No hate. No violence
Races? Only one Human race
United We Stand, Divided We Fall
Radio Islam
Know Your enemy!
No time to waste. Act now!
Tomorrow it will be too late




























Security Council Resolution 242
Its Creation and Its Destruction

By David Paul

United Nations Security Council Resolution 242
22 November 1967

The Security Council,

Expressing, its continuing concern with the grave situation in the Middle East,

Emphasizing the inadmissibility of the acquisition of territory by war and the need to work for a just and lasting peace in which every State in the area can live in security,

Emphasizing further that all Member states in their acceptance of the Charter of the United Nations have undertaken a commitment to act in accordance with Article 2 of the Charter,

1. Affirms that the fulfillment of Charter principles requires the establishment of a just and lasting peace in the Middle East which should include the application of both the following principles:

(i) Withdrawal of Israeli forces from territories occupied in the recent conflict,

(ii) Termination of all claims or states of belligerency and respect for and acknowledgment of the sovereignty, territorial integrity and political independence of every State in the area and their right to live in peace within secure and recognized boundaries free from threats or acts of force;

2. Affirms further the necessity

(a) For guaranteeing freedom of navigation through international waterways in the area;

(b) For achieving a just settlement of the refugee problem;

(c) For guaranteeing the territorial inviolability and political independence of every State in the area through measures including the establishment of demilitarized zones;

3. Requests the Secretary-General to designate a Special Representative to proceed to the Middle East to establish and maintain contacts with the States concerned in order to promote agreement and assist efforts to achieve a peaceful and accepted settlement in accordance with the provisions and principles in this resolution;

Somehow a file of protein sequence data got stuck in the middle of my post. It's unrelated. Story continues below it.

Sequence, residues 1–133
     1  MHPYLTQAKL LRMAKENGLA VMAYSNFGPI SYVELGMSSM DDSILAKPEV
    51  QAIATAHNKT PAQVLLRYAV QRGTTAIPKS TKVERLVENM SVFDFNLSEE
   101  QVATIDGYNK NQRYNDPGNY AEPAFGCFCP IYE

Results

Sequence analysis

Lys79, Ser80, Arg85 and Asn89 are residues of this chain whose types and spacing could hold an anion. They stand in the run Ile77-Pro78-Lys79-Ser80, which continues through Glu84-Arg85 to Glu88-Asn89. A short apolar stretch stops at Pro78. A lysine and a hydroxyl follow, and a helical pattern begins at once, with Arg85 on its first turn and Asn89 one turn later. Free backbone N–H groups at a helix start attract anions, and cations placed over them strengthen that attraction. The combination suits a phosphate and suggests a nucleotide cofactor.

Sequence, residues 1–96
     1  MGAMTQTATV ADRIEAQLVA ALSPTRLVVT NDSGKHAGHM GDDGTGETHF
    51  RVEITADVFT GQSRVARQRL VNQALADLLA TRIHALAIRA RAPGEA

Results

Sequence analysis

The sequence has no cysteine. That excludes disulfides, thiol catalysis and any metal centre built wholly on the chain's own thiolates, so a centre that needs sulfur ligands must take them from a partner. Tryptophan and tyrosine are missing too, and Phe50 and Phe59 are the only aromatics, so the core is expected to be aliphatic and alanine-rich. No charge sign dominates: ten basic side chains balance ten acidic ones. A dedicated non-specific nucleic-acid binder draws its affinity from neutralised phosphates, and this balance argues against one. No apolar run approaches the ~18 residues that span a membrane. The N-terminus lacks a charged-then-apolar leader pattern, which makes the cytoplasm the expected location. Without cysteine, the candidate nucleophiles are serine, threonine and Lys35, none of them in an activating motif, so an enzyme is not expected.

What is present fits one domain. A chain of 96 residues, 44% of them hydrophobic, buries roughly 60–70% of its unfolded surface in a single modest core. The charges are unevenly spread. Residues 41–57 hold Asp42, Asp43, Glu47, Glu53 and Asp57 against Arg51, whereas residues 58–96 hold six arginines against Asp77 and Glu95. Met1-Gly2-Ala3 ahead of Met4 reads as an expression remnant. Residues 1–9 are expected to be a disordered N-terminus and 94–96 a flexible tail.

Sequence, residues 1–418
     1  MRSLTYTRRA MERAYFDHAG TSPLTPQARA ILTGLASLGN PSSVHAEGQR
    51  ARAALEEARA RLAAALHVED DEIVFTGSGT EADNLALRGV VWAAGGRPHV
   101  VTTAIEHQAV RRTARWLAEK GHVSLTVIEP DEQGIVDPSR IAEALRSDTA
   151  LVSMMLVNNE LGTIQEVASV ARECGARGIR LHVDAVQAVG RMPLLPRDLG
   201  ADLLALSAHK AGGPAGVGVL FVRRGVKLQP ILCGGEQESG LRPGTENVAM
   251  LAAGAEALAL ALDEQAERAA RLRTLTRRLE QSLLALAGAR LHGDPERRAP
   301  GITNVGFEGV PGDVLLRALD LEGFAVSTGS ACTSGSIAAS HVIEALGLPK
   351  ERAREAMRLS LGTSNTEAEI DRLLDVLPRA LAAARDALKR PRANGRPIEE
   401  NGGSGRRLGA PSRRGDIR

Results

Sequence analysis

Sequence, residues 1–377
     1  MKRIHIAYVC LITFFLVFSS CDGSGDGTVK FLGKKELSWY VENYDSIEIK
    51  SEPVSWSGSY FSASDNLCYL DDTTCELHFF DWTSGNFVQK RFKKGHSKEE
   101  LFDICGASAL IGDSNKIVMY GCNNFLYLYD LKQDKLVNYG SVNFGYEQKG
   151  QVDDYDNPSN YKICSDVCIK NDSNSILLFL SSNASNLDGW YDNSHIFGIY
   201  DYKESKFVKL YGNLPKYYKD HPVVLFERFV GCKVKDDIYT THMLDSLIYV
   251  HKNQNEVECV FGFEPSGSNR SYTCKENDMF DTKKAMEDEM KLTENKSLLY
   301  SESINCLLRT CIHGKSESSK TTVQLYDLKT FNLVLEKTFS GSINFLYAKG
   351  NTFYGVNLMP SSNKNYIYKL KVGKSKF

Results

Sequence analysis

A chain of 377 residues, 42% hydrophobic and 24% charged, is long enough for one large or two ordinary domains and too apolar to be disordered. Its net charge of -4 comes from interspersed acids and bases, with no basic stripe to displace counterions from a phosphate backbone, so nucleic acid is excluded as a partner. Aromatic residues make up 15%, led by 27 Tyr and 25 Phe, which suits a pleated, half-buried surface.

4. Requests the Secretary-General to report to the Security Council on the progress of the efforts of the Special Representative as soon as possible.

Noam Chomsky commenting on 242:

"... Palestinian rights are mentioned only in the call for 'a just settlement of the refugee problem,' left unspecified. UN 242 is therefore thoroughly rejectionist in non racist terms: as denial of the right to self-determination of one or the other of the two contending parties in the former Palestine."

"The Israel-Arafat Agreement: A just and lasting peace or rejectionism?" Z Magazine, October 1993; p.19.


Positions after the war:

Arabs: All land occupied by Israel in the war must be returned.

Israel: They were willing to return most of the land seized but they wanted prior political concessions before returning any land. This was the position Israel had taken after the Suez War. President Eisenhower positioned the U.S. in opposition to such a concept:

"Should a nation which attacks and occupies foreign territory in the face of United Nations disapproval be allowed to impose conditions on its own withdrawal?

If we agree that armed attack can properly achieve the purposes of the assailant, then I fear we will have turned back the clock of international order. we will, in effect, have countenanced the use of force as a means of settling international differences and through this gaining national advantages.

I do not, myself, see how this could be reconciled with the Charter of the United Nations. The basic pledge of all the members of the United Nations is that they will settle their international disputes by peaceful means, and will not use force against the territorial integrity of another state.

If the United Nations once admits that international disputes can be settled by using force, then we will have destroyed the very foundation of the Organization, and our best hope of establishing a world order. that would be a disaster for us all.

I would, I feel, be untrue to the standards of the high office to which you have chosen me, if I were to lend the influence of the United States to the proposition that a nation which invades another should be permitted to exact conditions for withdrawal."

Radio and relevision address to the American people on the situation in the Middle East, 20 February 1957.


The Johnson Administration rejecting Eisenhower's uncompro-missing stand on the principles of the UN Charter immediately conceded to Israel its demand that it should impose conditions on its withdrawal. This fatal mistake forced the Administration into expending most of its energies into creating a withdrawal formula acceptable to Israel.

This meant that withdrawal would not be total- not an unreasonable demand since the border was the arbitrary lines of the 1949 armistice, and the Arab nations agreed that some slight changes would benefit both sides. The fundamental assumption was that the changes made would be minor with reciprocal concessions. The American blunder here was their blindness to the idea that if withdrawal need not be total, then Israel could argue later (as it did) that its withdrawal did not have to be major.

At the beginning of the war Israeli Prime Minister Levi Eskol had written Johnson that Israel had no "colonial" aspirations and did not seek territorial aggrandizement- a line constantly repeated by Israeli Foreign Minister Abba Eban to the Americans.